The Seattle Art Museum (SAM) has received a $3.5m challenge grant from the Mellon Foundation to establish an Asian paintings conservation centre at the Seattle Asian Art Museum (SAAM), which is part of SAM. The only studio to specialise in this area in the Western US, its opening in 2019 will coincide with the inauguration of SAAM’s renovated and expanded building.
“For years, we’ve wrestled with where to send our Asian paintings for museum-quality structural work, in particular full mounting treatments,” says SAM’s chief conservator Nicholas Dorman. There is a select group of US institutions that can do this type of work, including the Freer and Sackler galleries in Washington, DC, the Museum of Fine Arts, Boston and New York’s Metropolitan Museum of Art. But despite the number of distinguished Asian art collections on the West Coast, the closest specialist lab is 2,300 miles away in Ann Arbor at the University of Michigan’s Museum of Art. Because of this, SAAM sends its pieces to other institutions or independent studios in the US and Japan.
Asian paintings are constructed differently from European ones in terms of materials and techniques, and so require their own special set of skills for treatment. “There is an extra level of nuance and complexity in the selection, preparation and application of materials as well as how these objects are meant to be used,” Dorman says. “There is a dynamic quality to the way they are designed to be used—scrolls being unrolled and then rolled up again or hung—that is distinctive.” This aspect, he says, also has a “gigantic impact on their maintenance needs”. Conservators who concentrate on Asian paintings can train for ten years, Dorman says.
For years, we’ve wrestled with where to send our Asian paintings
Before committing to the project, SAM discussed it with colleagues from 19 museums, including those with specialist labs. “It’s a network, so we wanted to brainstorm with them about the merits of doing this,” Dorman says. “From the beginning, we laid our cards on the table that we weren’t doing this in a proprietary way and asked if another institution wanted to run with this,” he says, admitting that he was pleased that the consensus was that it should be done in Seattle.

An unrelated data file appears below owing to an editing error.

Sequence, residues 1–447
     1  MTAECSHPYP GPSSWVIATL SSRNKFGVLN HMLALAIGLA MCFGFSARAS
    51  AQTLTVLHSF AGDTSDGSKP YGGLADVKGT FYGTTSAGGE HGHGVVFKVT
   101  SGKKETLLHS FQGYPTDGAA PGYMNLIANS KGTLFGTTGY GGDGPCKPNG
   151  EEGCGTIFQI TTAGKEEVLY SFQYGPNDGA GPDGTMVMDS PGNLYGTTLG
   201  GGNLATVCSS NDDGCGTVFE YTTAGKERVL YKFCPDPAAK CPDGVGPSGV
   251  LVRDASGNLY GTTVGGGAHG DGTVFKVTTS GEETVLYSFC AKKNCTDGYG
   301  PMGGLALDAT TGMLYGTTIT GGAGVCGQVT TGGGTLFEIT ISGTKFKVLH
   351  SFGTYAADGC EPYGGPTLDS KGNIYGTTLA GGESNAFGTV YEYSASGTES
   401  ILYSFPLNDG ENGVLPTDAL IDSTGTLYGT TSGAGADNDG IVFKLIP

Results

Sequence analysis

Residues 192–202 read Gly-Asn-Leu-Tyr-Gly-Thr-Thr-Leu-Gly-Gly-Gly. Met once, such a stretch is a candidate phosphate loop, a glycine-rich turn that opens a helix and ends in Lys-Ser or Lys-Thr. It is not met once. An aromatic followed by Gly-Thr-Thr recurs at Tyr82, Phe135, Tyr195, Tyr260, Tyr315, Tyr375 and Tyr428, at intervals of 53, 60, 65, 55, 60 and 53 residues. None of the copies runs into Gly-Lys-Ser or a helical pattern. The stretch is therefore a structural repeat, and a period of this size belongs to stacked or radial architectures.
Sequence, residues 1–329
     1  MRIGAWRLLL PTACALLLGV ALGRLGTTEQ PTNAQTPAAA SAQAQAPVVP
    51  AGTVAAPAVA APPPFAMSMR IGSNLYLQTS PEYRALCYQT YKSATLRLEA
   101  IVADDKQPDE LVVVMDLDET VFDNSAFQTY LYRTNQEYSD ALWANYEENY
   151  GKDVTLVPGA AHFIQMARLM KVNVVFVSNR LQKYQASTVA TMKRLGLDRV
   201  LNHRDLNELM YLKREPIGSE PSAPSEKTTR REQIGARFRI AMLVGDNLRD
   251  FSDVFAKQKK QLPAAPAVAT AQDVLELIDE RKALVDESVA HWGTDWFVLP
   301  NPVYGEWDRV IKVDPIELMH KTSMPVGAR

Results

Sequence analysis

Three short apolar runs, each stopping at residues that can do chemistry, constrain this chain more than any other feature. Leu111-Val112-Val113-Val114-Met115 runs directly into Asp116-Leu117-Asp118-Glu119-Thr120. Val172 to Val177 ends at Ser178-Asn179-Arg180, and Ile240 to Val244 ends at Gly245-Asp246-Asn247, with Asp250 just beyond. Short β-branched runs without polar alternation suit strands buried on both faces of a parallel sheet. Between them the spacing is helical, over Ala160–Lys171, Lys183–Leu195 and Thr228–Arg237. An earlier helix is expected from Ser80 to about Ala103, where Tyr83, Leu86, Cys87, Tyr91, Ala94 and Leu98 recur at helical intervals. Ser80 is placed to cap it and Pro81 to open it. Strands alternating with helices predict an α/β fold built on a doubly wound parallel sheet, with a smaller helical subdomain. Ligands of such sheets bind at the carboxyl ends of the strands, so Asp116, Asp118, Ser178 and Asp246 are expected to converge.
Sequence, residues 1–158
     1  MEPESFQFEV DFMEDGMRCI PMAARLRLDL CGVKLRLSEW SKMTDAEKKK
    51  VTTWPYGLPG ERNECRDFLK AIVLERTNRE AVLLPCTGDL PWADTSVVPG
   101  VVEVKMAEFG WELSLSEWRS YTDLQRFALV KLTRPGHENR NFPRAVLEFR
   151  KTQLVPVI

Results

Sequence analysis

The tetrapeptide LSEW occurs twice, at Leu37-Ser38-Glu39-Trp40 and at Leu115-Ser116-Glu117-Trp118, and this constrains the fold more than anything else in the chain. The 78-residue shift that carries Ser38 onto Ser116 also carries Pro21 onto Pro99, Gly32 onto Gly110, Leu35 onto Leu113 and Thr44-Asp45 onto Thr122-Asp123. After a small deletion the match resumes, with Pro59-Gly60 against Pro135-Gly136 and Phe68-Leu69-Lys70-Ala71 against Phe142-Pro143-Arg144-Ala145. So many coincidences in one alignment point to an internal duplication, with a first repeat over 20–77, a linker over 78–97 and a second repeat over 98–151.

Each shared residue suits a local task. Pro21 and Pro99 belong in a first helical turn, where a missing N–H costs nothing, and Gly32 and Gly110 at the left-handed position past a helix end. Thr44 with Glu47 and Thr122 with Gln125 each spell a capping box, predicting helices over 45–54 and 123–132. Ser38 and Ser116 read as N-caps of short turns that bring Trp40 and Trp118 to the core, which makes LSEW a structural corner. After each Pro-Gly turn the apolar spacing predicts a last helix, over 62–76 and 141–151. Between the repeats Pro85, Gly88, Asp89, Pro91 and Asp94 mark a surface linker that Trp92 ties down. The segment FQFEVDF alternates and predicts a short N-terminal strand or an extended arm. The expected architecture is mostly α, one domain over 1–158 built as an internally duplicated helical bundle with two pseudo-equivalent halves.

As well as treating the museum’s own collection, the centre will take in works from other institutions and from private collectors. “It should more or less be self-sustaining with the endowment, supplemented by earned income,” says SAM’s director Kim Rorschach. By the fourth year, Dorman expects to have two full-time conservators, one conservation fellow and an administrator as well as access to SAAM’s collections care specialists. “We have Chinese, Japanese and Korean paintings so we’d like someone who is adept at one of these traditions but also able to make sensible decisions about all three, knowing that when necessary experts in the non-represented traditions will be brought in for special projects.” The museum also plans to offer workshops on related specialist skills such as woodworking.
Of the $3.5m challenge grant, $3m will go towards establishing the endowment. The remaining $500,000 is immediately available to help with startup costs so that the museum can begin to plan the centre’s design, procure supplies and start the recruitment process. The museum has four years to raise $2.5m in matching funds.
This new fundraising drive comes towards the end of a $54m campaign to fund the refurbishment and expansion of SAAM’s historic Art Dec building. Rorschach says that $48m has already been raised and she is confident that the remaining funds will be secured within the next six to 12 months. The plan is to finish the capital campaign before launching a drive to raise the money for the centre. And while Rorschach says that the museum has a great list of potential donors for the centre, she hopes “institutions and collectors that are as passionate about these works of art as we are will hear about the project and contact us if they are interested in partnering with us”.